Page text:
From: Penny K Righthand [] Sent: Thursday, April 29, 2004 12:22 PM Subject: s7-09-04


When I buy a car I know I am going to have to pay for service to keep it working right. I would never expect to get free service for the life of the car. Even when the dealer tells me I'm getting "free" service for a while, we all know that service cost is built into the price of the car or warranty. The dealer is compensated for providing the service.

Most investors need ongoing advice about their mutual fund purchases. They expect to be able to turn to the person who led them to their mutual funds. As their representative, I need to be compensated for this ongoing service. 12-b-1 fees are one way to compensate me.

For some reason, life insurance agents and registered reps are expected to provide lifetime service for free to people who buy their product. These products, contrary to popular belief, require a lot of service over the years. It is entirely proper to have a way to compensate those of us who provide that service.

I believe your concern with "directed brokerage" is slightly off the mark.

Consider that there are hundreds of fund families available to the public.

The average consumer doesn't know how to pick a fund or what's different from one to the other. It is our job to direct our clients to appropriate investment vehicles. It is also impossible for every representative to be intimately knowledgeable about every fund and fund family. So everyone becomes familiar with a few of these, and tends to use them more frequently than others, as long as they perform well. This can be beneficial to the client.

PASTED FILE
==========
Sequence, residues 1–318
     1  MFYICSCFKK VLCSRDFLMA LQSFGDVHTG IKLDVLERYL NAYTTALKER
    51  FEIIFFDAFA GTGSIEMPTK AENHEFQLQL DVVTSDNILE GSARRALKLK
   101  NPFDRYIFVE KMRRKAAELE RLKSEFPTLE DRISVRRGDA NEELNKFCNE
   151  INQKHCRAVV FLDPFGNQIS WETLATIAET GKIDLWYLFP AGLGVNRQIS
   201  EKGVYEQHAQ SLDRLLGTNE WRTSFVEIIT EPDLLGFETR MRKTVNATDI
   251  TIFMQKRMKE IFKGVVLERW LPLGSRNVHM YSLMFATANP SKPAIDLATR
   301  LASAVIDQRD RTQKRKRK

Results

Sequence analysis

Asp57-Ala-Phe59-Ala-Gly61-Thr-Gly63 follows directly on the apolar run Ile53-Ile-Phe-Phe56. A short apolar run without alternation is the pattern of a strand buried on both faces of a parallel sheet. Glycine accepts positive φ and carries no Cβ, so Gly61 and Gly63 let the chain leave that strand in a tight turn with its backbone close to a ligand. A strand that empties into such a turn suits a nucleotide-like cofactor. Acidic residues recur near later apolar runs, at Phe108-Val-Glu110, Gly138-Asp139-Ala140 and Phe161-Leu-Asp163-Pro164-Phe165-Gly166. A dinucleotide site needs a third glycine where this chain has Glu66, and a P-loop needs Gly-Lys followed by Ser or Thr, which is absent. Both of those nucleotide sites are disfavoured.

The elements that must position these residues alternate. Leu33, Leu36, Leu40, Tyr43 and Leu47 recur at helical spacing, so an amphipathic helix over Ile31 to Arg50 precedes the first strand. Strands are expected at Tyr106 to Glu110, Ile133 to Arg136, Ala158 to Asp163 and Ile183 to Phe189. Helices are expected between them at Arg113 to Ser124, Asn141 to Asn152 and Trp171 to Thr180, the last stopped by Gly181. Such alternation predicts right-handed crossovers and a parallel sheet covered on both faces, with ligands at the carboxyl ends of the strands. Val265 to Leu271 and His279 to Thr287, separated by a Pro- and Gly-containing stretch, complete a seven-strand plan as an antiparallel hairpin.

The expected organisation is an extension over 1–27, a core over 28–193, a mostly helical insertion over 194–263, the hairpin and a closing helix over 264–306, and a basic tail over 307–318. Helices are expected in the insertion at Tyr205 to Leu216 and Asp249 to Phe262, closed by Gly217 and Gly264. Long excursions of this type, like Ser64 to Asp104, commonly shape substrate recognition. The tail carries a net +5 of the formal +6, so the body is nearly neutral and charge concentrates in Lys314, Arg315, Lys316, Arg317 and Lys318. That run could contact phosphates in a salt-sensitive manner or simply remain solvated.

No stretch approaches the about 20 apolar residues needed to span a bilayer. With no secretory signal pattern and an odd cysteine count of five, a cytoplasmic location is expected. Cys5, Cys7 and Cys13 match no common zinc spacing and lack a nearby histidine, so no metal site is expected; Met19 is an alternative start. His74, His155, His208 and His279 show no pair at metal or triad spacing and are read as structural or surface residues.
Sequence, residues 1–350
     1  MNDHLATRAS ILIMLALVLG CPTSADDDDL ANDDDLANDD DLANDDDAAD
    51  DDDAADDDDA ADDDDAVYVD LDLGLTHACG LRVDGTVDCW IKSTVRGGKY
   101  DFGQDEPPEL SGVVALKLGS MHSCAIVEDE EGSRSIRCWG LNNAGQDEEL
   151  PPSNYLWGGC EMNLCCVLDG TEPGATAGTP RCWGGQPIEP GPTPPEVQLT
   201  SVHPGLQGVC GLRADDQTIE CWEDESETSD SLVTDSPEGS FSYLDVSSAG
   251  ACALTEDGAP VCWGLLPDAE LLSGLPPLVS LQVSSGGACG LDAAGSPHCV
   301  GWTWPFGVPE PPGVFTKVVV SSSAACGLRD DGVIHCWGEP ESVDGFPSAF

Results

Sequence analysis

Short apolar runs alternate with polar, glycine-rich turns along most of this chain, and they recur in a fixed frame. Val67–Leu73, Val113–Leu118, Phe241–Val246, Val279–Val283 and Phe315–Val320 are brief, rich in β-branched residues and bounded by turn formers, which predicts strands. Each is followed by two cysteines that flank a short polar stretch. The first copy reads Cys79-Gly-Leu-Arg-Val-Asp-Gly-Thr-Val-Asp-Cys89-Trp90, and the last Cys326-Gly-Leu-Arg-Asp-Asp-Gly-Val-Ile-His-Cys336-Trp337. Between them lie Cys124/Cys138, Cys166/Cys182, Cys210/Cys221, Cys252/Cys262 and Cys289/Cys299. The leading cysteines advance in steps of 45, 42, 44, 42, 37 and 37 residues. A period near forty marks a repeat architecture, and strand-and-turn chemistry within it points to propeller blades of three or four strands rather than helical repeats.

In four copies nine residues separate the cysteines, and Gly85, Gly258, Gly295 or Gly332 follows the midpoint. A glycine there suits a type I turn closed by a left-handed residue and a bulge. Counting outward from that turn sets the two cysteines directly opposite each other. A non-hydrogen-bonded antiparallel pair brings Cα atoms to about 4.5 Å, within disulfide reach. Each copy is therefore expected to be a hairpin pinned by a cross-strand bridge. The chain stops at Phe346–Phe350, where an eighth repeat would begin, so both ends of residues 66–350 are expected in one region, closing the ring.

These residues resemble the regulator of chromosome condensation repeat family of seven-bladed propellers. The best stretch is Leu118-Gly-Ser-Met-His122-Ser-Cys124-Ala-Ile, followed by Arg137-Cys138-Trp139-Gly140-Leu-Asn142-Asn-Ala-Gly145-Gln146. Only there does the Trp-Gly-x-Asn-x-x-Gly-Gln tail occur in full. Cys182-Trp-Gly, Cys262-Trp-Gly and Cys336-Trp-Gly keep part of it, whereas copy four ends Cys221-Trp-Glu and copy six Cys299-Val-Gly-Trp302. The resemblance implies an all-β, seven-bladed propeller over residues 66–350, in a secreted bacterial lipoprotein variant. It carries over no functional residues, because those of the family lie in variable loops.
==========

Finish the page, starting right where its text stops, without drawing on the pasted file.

The fund families also encourage the rep to keep large sums of a client's funds in one family by offering discounts on loads, the more money that stays with a particular family. THIS can be a problem because, as a representative, I need to provide diversification for my client. One fund family may not provide the best fund in every category, yet if I put $1m of a client's money in one family, he can pay NAV for A Class funds. If I put $750,000 in one family and $250,000 in another, the client will have to pay a bigger load.

To make it easier for me to better serve my clients, I should be able to divide their funds appropriately without their being penalized, and I should be compensated for doing a good job for my client.